Schubert seems to have thought himself into the Oriental background of a seraglio. Perhaps the young suitor is dallying with the Sultan’s wife and there is danger that they might be discovered. Despite the protagonist’s boasts to us, the privileged listeners and his confidants, the relationship is a thing of discretion and secrecy. Seldom has a song been truer to its title. The added frisson of forbidden love is heard everywhere as the constantly-repeated motif in the accompaniment engenders a type of tension, as if the breath is held while playing it. At the heart of this song is the confession of a liaison unknown to others, and one can only think of how many times this state of affairs existed among the young inhabitants of Schubert’s Vienna. It may not be surprising then that the song was dedicated to perhaps the most romantically active member of the composer’s circle, Franz von Schober. Schubert lavished on his friend the dedication of these Opus 14 songs, the heavenly Suleika I and Geheimes, two of his greatest romantic songs, both with erotic overtones. There is no other example of a song of this intensity being dedicated to any of the composer’s other male friends. When the songs were being prepared for publication, the composer was staying with Schober, was much in his company, and had earlier completed the opera Alfonso und Estrella to his friend’s libretto. At the very least, the dedication of these particular songs shows an enormous complicity between the friends, as if Schubert knew all the details of Schober’s private life, and enjoyed being his confidant. If there was a phase at which friendship between composer and poet became physically intimate (which would almost certainly have been hidden from the rest of the circle), the dedication of these two songs would be even more significant. The first Suleika song is about the essence of love itself (‘Ach, die wahre Herzenskunde’); and the covert selection of ‘diesen Und nicht etwa den und jenen’, as in Geheimes, depicts a situation where intimacy can only be expressed in public by fleeting eye-contact, and an exchange of glances which no one else understands.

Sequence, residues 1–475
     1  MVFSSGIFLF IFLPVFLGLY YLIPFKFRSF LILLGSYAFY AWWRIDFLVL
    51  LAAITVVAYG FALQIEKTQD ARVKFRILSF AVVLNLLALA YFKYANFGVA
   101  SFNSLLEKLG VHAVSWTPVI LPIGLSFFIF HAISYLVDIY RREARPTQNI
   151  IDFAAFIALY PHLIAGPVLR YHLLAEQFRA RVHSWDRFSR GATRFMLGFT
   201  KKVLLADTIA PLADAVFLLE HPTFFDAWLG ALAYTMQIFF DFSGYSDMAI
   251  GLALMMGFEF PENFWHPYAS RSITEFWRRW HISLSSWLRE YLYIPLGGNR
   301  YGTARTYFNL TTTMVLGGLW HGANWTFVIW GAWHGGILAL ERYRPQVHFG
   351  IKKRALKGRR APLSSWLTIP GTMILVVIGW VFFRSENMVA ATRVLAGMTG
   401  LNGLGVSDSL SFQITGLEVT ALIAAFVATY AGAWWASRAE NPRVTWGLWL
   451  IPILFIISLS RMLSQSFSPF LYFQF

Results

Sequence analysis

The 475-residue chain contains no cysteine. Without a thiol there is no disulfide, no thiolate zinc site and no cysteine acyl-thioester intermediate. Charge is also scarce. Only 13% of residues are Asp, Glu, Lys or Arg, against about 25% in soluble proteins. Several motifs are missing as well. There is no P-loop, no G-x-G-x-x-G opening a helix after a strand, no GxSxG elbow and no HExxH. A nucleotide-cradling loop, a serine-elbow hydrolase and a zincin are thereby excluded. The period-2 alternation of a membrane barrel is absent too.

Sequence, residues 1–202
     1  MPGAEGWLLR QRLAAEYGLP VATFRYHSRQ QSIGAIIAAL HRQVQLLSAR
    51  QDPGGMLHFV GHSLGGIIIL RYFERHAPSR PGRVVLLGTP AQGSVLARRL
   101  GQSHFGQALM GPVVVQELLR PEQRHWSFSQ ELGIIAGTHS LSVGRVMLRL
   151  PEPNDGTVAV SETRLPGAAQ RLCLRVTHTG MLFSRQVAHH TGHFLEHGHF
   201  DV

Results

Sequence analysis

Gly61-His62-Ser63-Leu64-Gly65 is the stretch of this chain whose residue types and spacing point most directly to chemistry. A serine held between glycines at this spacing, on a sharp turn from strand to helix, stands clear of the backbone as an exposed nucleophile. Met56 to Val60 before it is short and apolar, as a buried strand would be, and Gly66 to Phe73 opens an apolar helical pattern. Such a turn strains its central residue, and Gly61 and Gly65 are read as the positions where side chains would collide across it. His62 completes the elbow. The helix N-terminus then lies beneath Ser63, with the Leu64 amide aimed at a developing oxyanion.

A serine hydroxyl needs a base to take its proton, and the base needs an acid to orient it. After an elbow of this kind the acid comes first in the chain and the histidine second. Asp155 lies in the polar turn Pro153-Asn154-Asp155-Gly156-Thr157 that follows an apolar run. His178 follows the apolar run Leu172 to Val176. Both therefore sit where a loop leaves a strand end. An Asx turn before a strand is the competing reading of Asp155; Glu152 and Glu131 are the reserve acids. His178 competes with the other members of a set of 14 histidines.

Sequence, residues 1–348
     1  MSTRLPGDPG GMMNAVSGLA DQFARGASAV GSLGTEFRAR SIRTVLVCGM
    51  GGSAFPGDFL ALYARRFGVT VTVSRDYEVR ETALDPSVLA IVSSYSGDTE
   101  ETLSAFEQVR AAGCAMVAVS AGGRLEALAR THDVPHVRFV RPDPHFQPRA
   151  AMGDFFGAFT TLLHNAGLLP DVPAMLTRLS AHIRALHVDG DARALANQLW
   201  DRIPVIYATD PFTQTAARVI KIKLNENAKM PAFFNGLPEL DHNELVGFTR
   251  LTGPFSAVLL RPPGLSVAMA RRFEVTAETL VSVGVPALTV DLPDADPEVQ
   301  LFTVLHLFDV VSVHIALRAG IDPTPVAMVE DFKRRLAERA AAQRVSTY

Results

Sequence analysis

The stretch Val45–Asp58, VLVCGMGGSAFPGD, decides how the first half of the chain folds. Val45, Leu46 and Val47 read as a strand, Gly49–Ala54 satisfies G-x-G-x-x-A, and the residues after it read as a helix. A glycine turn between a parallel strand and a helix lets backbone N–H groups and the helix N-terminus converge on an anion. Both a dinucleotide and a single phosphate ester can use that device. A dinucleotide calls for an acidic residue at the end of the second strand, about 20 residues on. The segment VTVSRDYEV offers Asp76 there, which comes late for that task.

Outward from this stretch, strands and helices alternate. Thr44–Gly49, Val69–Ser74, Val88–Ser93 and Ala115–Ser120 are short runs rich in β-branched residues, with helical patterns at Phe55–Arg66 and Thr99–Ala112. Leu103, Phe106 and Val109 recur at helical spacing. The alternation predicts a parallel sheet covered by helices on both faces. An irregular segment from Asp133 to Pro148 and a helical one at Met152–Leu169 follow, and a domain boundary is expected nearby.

from notes by Graham Johnson © 1997